Measuring Sustainability: Benefits and pitfalls of fiscal sustainability indicators

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The concept of sustainability emerged on the global governance agenda during the 1970s, when, the economic crisis put the spotlight on environmental and social risks associated with economic growth. Although much has been written about it, the literature on pillars, dimensions and measures of sustainability has developed quite independently from the discussions on the idea of sustainability as a set of interlinked and interdependent concentric thematic circles (that is its environmental, social, economic and institutional dimensions). Beginning with this conceptual debate, the present paper argues that indicators of fiscal sustainability are caught between demands of a solvency criterion and the principles of inter-and intra-generational equity. Bypassing their function as a mere representation of reality, these indicators have played a key role in de facto regulating the current fiscal crisis and in eclipsing the other dimensions of sustainability. To discuss this argument, the paper’s first section explores the literature on sustainability indicators and composite indices of sustainable development. Its second part focuses on indicators of fiscal sustainability evaluating concepts, measures and demands. The third part gives insight into two measures, the United Nations’(UN) Debt to GNI ratio and the European Union’s (EU) fiscal sustainability gap indicators. The fourth part concludes by summarising conceptual, normative and ontological questions.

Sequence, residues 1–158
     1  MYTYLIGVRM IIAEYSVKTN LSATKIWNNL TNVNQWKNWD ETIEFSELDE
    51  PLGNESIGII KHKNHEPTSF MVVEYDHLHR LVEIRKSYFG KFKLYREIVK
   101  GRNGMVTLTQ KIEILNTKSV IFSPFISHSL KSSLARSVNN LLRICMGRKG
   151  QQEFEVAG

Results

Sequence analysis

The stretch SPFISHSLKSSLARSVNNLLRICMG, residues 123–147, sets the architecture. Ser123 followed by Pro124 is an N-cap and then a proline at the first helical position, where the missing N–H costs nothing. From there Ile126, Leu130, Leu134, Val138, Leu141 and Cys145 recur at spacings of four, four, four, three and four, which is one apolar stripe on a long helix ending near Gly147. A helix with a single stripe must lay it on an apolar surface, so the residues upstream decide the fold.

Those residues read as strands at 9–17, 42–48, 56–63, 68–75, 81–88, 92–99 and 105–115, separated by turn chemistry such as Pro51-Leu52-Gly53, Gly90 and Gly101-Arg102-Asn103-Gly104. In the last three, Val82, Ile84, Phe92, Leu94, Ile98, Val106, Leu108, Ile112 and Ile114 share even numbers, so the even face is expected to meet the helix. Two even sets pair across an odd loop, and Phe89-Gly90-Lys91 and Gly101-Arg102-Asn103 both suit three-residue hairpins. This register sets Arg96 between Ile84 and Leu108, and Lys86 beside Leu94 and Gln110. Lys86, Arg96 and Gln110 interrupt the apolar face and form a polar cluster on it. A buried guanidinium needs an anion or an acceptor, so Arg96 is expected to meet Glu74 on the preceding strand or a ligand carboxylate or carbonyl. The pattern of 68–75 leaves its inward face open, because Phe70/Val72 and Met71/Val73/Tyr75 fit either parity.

Original languageEnglish
JournalRSCAS 2014/77; Global Governance Programme-120
Publication statusPublished - 2014


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